Decontamination and cleaning protocols are critical in reprocessing medical device. Protocols should be designed to remove biological debris, reduce bioburden and minimize the risk for health professionals. These issues are of utmost importance when reprocessing of single-use-only labeled devices is considered. This study evaluates the efficiency in reducing bioburden of four protocols for decontaminating and cleaning electrophysiology single-use catheters. The proximal portion of sixty cardiac catheters was soiled in vitro by human blood spiked with Bacillus subtilis or Pseudomonas aeruginosa. Contaminated devices were treated according to one of the following experimental protocols: i) chlorine solution followed by enzymatic solution; ii) enzymatic solution followed by chlorine solution; iii) polyphenolic emulsion; iv) polyphenolic emulsion followed by enzymatic solution. Untreated device were considered as positive controls. Bacterial bioburden was quantified by enumerating colony forming units. Device sterility was checked by broth-enrichment and prolonged incubation time. Chlorine based protocols showed higher biocide properties (>2.6-3.8 log reduction) than polyphenolic based protocols (1.9-3.2 log reduction), irrespectively from bacterial strain and amount. A further reduction was related to the enzymatic treatment. To maximize the bactericidal efficiency and also guarantee an effective cleaning, the protocol should provide at first the cleaning phase by the enzymatic detergent, followed by treatment with the chlorine releasing solution. Since this protocol does not realize an immediate decontamination of the device, adequate safety measures for health professionals should be introduced. Wherever these risks cannot be reduced, polyphenols based protocols with immediate device decontamination after use should be considered.

Bioburden reduction of four decontamination and cleaning protocols for reprocessing single-use cardiac electrophysiology catheters

Tessarolo, Francesco;Nollo, Giandomenico
2014

Abstract

Decontamination and cleaning protocols are critical in reprocessing medical device. Protocols should be designed to remove biological debris, reduce bioburden and minimize the risk for health professionals. These issues are of utmost importance when reprocessing of single-use-only labeled devices is considered. This study evaluates the efficiency in reducing bioburden of four protocols for decontaminating and cleaning electrophysiology single-use catheters. The proximal portion of sixty cardiac catheters was soiled in vitro by human blood spiked with Bacillus subtilis or Pseudomonas aeruginosa. Contaminated devices were treated according to one of the following experimental protocols: i) chlorine solution followed by enzymatic solution; ii) enzymatic solution followed by chlorine solution; iii) polyphenolic emulsion; iv) polyphenolic emulsion followed by enzymatic solution. Untreated device were considered as positive controls. Bacterial bioburden was quantified by enumerating colony forming units. Device sterility was checked by broth-enrichment and prolonged incubation time. Chlorine based protocols showed higher biocide properties (>2.6-3.8 log reduction) than polyphenolic based protocols (1.9-3.2 log reduction), irrespectively from bacterial strain and amount. A further reduction was related to the enzymatic treatment. To maximize the bactericidal efficiency and also guarantee an effective cleaning, the protocol should provide at first the cleaning phase by the enzymatic detergent, followed by treatment with the chlorine releasing solution. Since this protocol does not realize an immediate decontamination of the device, adequate safety measures for health professionals should be introduced. Wherever these risks cannot be reduced, polyphenols based protocols with immediate device decontamination after use should be considered.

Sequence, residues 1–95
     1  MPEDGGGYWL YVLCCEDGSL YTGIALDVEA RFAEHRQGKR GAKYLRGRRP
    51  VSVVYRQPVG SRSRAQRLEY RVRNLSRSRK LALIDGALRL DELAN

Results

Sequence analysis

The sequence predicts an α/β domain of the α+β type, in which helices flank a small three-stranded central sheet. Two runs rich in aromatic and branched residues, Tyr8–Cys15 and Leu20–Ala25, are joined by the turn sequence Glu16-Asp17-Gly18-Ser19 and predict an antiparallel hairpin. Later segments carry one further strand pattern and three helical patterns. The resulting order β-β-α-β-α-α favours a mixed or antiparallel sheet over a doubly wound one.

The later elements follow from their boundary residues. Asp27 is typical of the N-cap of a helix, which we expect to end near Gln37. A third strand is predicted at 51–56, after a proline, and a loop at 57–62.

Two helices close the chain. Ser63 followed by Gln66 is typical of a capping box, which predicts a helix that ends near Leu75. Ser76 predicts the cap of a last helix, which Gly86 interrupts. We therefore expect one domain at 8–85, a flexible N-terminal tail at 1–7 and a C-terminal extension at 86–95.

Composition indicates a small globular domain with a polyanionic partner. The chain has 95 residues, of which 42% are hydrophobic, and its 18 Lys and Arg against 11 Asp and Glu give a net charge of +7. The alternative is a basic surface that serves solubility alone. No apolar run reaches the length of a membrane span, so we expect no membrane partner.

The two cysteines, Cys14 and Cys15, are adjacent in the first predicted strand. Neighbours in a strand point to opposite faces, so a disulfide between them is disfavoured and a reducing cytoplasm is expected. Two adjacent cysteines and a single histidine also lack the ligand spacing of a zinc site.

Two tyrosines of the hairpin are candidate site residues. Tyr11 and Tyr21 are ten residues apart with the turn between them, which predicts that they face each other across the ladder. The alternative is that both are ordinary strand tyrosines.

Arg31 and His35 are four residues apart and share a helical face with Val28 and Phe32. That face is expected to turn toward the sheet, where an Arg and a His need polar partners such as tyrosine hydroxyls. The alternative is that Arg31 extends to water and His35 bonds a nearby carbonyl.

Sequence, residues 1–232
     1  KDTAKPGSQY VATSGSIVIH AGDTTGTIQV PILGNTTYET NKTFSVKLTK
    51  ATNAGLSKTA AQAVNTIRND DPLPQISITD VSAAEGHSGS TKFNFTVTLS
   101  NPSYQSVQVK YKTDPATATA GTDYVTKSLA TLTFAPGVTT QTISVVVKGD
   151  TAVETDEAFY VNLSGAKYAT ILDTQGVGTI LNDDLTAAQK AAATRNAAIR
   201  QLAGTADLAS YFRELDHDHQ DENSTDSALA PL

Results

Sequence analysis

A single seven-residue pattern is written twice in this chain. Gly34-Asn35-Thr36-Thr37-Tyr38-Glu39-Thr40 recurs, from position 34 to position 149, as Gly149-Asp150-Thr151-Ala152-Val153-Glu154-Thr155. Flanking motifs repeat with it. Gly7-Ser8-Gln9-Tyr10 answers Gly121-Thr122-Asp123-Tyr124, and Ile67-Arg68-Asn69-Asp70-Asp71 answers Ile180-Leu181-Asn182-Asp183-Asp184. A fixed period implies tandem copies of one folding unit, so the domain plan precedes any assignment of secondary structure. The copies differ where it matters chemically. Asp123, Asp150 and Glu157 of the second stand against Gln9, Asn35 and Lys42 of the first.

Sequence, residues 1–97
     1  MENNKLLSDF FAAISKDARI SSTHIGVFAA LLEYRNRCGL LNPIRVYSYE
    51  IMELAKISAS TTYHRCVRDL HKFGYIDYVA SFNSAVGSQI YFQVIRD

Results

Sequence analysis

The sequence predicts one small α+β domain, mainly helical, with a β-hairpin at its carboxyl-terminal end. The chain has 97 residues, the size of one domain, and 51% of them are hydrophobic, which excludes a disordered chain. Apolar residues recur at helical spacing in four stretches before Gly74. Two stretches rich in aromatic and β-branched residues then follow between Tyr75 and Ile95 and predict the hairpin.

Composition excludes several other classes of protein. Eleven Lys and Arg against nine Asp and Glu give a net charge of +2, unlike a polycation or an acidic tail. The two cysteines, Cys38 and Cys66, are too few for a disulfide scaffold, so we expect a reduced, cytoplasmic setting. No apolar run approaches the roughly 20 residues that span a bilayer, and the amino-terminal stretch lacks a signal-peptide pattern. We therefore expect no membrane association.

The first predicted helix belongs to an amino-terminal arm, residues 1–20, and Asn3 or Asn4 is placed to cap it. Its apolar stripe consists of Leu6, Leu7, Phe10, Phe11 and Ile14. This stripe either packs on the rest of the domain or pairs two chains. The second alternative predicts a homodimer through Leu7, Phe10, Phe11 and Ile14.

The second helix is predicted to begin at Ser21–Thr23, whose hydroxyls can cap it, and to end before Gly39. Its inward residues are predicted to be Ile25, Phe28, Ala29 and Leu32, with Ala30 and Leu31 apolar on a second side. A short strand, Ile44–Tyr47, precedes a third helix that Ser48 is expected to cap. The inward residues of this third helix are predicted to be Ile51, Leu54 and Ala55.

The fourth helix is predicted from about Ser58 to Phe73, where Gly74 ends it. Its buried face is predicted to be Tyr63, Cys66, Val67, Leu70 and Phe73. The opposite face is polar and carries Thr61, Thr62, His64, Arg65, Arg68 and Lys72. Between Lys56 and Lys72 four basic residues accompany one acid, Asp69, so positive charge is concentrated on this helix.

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Utilizza questo identificativo per citare o creare un link a questo documento: http://hdl.handle.net/11582/302485
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